In the intervening years, the supercharged occupants have worked a glorious transformation. Scrub has been replaced with wildflower meadows, copse and ponds, providing habitats for a wide diversity of plants, insects and animals. A modest eco-friendly, turf roof bungalow perches on stilts to accommodate the hill-drop and give vantage to a scene where large ships glide between hazy clouds of foliage. They have sustained the Grass Roof Co. and contribute to other businesses that continue to flourish. Created a rolling stock of features including a vegetable garden, experimental turf roof structures and sheds, a spectacular adventure playground of a tree house erected around a grand willow and more recently an outdoor room built from two used containers http://www.grassroofcompany.co.uk/green-roof-containers.htm. Not to mention having two children, entertaining family and friends, and hosting many training and music events.

These photos, taken in March 2016 reveal the bare bones, flowers and butterflies lain dormant as the mists chill. They mark a quarter of a century of graft and guile, a stage of development where each area of land has been worked, sculpted and allocated its purpose. Documented recent constructions cover an impressive willow hedge boundary, twig hedging and upturned roots. For many of us living in urban areas where a lack of regulation has consumed vast areas of garden, Fiona and John’s has become an annual camping, haven. A place for feral chickens, children and adults to make mischief, to badly master a coracle, climb a tree, risk a spin in the Méhari or hideout in a half buried 2CV – a surreal continuity, take a deep breath, and celebrate with kindred spirits and open eyes. Thankfully, we have another photo-shoot planned.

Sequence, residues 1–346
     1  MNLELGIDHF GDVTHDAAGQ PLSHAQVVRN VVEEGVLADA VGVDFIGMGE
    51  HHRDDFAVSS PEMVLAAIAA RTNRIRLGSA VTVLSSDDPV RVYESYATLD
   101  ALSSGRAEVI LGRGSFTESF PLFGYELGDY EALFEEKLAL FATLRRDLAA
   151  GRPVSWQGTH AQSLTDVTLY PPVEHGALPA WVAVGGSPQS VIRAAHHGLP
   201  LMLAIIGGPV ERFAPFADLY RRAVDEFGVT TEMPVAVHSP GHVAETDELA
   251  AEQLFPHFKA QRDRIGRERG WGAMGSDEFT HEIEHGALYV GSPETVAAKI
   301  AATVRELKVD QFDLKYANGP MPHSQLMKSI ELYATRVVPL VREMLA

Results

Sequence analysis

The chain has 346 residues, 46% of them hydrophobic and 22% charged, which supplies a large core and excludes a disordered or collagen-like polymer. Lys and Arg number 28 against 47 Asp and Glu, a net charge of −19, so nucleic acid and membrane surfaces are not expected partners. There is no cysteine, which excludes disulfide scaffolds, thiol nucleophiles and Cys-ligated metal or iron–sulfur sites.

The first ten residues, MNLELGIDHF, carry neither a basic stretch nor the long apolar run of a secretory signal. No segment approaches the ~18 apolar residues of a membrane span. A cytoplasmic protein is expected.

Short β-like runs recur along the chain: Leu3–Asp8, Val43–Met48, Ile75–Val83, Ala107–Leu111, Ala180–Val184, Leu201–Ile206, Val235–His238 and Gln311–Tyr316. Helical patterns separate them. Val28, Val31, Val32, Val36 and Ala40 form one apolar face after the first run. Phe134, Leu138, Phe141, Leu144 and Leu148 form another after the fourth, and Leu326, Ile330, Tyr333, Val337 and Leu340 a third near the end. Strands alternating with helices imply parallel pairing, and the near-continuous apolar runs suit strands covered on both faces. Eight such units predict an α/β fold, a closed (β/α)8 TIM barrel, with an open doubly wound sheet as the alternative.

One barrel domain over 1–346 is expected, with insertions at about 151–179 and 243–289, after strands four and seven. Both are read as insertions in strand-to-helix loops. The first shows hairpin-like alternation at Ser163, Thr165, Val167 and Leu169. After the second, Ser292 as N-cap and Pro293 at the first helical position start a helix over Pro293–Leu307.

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Grand Central Birmingham

Occasionally subjects collide and reverberate on an inward trajectory like the clash of cymbals and more rarely still, light scatters to spotlight a hidden area which would otherwise remain silent. There are other image collections where lens flare plays for attention and its effects are welcome in embedding the physical materials of nature within the frame and extending breathability. There is however, one image in this collection, where like a divine providence its hexagonal haze carries just enough light to detect a crouched figure. Accompanied by shopping trolley and discarded cup his plight remains hidden from the crescent moon that adorns the Premier Inn towering behind the mirrored facade above him.